Collecting debts - checklist

Collecting debts - checklistAlmost every business will experience late payment at some point. This practical checklist will help you recover the money you are owed

  • Set up a system to track outstanding invoices. Accounting software can help you monitor when payments are due quickly and easily.
  • Start chasing as soon as an invoice becomes due for payment. If no contractual payment period has been agreed, invoices must be paid within 30 days.
  • Check that all the invoice details are correct including the invoice amount, due date, customer details and your company information including payment details.
  • Make it easy for customers to pay you by offering a range of payment methods.
  • Draw up a timetable, setting out what emails, letters, phone calls or other action you will take at each stage when chasing a debt.
  • Investigate costs and decide whether to involve external help at any stage. Ensure that any debt collection agency you use is reputable.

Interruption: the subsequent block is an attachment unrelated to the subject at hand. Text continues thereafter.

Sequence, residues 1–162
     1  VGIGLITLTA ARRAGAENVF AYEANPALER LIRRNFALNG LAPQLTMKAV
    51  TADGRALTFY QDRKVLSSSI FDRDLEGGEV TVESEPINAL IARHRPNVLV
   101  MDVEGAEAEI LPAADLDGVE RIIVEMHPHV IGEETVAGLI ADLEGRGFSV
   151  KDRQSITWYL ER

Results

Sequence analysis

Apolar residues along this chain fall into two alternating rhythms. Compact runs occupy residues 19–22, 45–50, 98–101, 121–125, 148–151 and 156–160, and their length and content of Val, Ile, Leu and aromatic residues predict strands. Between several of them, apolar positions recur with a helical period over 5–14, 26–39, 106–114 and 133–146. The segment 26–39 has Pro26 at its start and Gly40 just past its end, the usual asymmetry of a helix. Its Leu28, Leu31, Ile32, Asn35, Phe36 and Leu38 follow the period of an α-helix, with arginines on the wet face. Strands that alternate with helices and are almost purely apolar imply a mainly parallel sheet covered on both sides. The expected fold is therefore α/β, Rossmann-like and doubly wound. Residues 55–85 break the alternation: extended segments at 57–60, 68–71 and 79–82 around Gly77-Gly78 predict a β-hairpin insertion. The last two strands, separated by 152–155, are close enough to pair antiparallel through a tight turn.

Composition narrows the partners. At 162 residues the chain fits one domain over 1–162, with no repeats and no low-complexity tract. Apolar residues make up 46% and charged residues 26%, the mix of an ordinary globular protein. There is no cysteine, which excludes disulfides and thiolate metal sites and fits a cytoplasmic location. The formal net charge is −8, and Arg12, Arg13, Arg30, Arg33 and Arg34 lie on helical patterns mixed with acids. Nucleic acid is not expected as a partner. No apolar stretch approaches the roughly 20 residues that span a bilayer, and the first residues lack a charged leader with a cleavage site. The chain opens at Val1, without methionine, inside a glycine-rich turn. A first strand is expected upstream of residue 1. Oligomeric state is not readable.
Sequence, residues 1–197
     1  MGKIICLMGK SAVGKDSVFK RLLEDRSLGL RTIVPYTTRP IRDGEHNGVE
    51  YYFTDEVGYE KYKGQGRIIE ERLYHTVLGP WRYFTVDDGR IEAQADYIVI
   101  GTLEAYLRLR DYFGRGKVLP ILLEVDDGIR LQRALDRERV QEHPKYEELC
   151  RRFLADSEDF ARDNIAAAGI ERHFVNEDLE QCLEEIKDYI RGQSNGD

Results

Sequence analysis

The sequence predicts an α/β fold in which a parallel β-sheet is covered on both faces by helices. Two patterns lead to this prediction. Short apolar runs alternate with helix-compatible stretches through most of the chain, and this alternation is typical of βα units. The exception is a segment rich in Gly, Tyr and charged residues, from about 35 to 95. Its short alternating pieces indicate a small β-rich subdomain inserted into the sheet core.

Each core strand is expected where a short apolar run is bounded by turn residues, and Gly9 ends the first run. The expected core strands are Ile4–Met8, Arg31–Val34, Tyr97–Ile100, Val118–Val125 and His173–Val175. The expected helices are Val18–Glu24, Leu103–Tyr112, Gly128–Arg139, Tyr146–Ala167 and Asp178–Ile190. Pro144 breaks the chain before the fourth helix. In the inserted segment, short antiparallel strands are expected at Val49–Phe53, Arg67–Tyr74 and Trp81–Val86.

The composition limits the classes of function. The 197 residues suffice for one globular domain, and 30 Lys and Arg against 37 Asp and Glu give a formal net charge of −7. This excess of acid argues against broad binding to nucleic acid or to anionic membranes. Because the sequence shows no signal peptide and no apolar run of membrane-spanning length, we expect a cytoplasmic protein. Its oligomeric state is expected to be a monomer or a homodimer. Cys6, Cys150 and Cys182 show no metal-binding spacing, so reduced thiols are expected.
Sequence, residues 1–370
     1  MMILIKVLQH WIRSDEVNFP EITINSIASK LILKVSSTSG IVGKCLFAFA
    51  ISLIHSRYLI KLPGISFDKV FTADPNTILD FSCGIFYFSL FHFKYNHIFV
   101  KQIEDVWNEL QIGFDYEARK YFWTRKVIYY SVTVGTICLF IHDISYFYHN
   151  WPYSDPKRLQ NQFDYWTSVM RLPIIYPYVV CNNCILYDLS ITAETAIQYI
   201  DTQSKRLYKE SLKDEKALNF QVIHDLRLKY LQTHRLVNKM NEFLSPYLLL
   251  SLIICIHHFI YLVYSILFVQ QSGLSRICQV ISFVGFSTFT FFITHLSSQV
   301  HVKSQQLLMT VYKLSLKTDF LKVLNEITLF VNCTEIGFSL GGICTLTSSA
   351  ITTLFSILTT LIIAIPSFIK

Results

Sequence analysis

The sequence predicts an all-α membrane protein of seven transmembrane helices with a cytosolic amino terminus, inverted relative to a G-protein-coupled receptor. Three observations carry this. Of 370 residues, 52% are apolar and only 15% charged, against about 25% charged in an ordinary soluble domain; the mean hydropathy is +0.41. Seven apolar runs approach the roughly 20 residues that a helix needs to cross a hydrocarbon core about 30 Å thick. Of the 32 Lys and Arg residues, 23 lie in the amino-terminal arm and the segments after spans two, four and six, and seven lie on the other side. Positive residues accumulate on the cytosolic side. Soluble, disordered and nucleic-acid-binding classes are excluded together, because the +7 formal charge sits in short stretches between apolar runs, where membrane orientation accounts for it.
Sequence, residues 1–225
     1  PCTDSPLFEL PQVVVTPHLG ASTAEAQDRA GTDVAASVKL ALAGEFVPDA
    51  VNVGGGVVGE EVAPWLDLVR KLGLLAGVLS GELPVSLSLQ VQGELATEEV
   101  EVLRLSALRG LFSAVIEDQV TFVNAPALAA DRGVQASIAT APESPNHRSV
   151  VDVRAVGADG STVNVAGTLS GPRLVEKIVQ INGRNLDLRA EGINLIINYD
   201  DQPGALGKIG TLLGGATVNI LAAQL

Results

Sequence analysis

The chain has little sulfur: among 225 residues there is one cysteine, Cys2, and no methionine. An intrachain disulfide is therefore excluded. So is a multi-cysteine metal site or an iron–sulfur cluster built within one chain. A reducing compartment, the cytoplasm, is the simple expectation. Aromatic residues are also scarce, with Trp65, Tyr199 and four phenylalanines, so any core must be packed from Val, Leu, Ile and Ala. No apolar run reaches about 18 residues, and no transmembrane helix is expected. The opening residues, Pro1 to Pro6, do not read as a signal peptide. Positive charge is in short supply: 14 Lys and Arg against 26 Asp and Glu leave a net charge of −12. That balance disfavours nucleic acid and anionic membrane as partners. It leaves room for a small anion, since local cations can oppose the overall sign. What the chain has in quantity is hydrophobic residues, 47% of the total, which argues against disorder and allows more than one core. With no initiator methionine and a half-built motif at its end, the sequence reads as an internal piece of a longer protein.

• Keep a file for recording the date of each action, which individual you contacted, and the contents of any telephone conversations.
  • Identify the correct contact, and issue a polite reminder letter as a simple first step.
  • Follow up with professional but friendly telephone calls.
  • Consider alternatives such as email reminders, or visiting the debtor in person.
  • Discuss and tackle any problems which are preventing payment.
  • Handle any excuses, and ask for a date when you can expect payment but be wary of delaying tactics.
  • Use your judgement to decide whether to claim interest and debt recovery costs under late payment regulations.
  • Follow up to make sure the customer is doing what has been promised.
  • If the customer claims financial difficulties, attempt to negotiate a schedule of payments.
  • Be prepared to stop further credit sales until you have been paid to put pressure on the customer and avoid further losses.
  • Consider mediation to find a solution that avoids the need for legal recourse.
  • If you cannot reach agreement, send a letter of claim warning of your intention to sue for the outstanding debt.
  • Investigate whether it is worth taking legal action. Assess the customer’s ability to pay, and the likely time and costs involved.
  • If you pursue the case, continue to attempt to negotiate an agreed settlement rather than going to court.
  • Be prepared to take further legal action to enforce payment if necessary.

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